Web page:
Yes, the update on executive pay for women in the workplace sounds better than it did only a few years ago. But no, America, we are not yet where we should be.
According to the McKinsey & Company 2020 Women in the Workplace Study, the roles of working women, at least in pre-COVID 2020, were slowly trending upward. As you see by the chart below, meaningful strides were made between 2015 and 2020 for woman in the roles of Senior Vice President and top C-Suite job titles.
Percent of Change in Women in the Workforce by Job Title
|Entry Level Jobs||Manager||Sr. Manager |
|Total # of Women in 2020||47%||38%||33%||29%||28%||21%|
|Percent of change between 2015 & 2020||+5%||+3%||+5%||+4%||+18%||+22%|
The Broken Rung
The recent strides made by women in the workplace have been largest in top-tier jobs only because the deficits there were greatest. The fact that women in entry level jobs grew by only 5 percent is both expected and unremarkable given that women already had a strong presence in these lowest-paying positions.
As the McKinsey report explains, women must also deal with “the broken rung”. The broken rung exemplifies the concept that, over the last six years, women, despite making gains against where they were in the past, are falling further behind men. “For every 100 men promoted to manager, only 85 women were promoted.”
Executive Pay for Women in the Workplace Still Lagging
Even when women manage to reach higher rungs on the corporate ladder, executive pay for women still lags behind. An article published by the Atlanta Business Chronicle noted, “…once they have arrived, they (women) often face another hurdle: compensation gaps. Part of this pay gap is attributable to women being in the C-suite while not serving in top roles. These top roles have a more significant percentage of equity-based compensation that often leads to higher overall compensation.”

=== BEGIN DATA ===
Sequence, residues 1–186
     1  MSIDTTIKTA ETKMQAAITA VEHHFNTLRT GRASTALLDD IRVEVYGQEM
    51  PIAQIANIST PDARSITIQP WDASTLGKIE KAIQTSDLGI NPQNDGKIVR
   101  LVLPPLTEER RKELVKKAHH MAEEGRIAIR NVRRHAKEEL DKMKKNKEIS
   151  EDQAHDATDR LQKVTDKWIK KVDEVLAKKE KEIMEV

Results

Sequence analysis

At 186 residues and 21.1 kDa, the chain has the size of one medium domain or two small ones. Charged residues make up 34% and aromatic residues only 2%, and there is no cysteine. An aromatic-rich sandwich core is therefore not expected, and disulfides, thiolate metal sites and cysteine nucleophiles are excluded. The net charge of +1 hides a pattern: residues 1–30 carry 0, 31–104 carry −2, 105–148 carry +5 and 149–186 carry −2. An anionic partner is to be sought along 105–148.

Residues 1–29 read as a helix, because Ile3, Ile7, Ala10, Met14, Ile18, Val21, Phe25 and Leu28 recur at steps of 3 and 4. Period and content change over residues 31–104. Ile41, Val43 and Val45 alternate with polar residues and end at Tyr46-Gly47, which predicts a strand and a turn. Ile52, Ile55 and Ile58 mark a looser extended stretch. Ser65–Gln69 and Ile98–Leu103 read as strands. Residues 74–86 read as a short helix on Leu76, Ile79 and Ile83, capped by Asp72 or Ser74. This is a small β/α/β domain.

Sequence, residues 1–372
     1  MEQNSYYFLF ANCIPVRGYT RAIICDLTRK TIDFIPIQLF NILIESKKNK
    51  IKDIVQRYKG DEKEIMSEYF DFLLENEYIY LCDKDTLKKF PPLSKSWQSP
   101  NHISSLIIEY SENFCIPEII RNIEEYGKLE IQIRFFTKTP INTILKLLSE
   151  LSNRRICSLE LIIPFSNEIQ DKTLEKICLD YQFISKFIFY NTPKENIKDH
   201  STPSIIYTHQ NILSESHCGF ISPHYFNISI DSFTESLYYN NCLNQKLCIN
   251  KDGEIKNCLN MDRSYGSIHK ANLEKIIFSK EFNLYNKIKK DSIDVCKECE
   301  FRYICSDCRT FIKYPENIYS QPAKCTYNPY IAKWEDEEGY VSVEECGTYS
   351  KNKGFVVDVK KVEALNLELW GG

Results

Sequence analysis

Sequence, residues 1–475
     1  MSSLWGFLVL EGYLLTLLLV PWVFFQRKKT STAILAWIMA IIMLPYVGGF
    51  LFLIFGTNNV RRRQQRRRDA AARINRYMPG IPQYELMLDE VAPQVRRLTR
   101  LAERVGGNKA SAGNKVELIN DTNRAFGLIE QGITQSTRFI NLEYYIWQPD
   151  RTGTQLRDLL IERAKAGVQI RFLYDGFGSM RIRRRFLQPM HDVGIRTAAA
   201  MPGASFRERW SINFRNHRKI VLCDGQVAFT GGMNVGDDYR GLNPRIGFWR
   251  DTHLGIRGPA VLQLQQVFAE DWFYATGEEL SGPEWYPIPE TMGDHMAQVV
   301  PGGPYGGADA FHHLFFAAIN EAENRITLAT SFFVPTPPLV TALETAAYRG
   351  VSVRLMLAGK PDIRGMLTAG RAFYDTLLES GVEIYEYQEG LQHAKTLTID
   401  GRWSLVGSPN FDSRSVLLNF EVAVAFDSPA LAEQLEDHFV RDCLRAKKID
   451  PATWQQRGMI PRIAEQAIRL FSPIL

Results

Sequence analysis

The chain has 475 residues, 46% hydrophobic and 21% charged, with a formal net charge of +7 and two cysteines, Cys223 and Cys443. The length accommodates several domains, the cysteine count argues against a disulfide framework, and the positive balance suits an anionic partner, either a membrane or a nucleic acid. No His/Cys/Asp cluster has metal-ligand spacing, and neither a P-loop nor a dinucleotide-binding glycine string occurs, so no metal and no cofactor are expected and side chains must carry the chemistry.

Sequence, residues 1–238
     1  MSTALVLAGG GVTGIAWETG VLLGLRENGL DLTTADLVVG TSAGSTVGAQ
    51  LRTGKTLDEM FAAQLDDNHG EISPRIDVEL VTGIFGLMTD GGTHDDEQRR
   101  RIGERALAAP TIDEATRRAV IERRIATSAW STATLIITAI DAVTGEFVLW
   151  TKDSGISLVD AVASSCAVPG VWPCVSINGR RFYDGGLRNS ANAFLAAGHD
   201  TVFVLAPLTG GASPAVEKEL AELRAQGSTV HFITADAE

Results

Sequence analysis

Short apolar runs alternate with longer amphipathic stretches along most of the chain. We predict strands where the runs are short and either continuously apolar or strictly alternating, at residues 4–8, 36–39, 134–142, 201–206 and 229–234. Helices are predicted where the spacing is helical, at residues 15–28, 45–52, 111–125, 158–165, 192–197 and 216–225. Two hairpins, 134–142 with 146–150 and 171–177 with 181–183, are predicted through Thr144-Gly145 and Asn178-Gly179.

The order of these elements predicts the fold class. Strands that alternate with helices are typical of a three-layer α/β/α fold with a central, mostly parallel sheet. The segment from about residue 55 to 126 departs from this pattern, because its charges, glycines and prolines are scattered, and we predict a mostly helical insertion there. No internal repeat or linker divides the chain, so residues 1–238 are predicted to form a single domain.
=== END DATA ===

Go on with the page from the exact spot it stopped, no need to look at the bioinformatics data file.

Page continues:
And Then There’s COVID-19
Additionally, the disruptions of COVID-19 have generally hit working women harder than men. With schools shut down and childcare services closed or limited, many women found their careers disrupted even more than the careers of their male peers. Add in greater demands of home upkeep and meal preparation, exacerbated by the absence of cleaning services, nannies, and others who helped lighten the load for working mothers and you have a workforce of women under extreme stress. And this includes women at all levels from low-paying jobs where bills and expenses are a heavy burden to top-tier female executives who are carrying both concerns about their household and the demands of their job.
Senior-level women are, according to the McKinsey report, “1.5 times more likely than senior-level men to think about downshifting their careers or leaving the workforce because of COVID-19.”
Companies of all sizes have to be considering, “Can we afford to lose our senior-level female executives?” And if the answer is “no” then the next questions become, “What changes can we make to better support working women, to improve their work environment, and to ensure that our executive pay for women in the workplace is competitive and equitable?”
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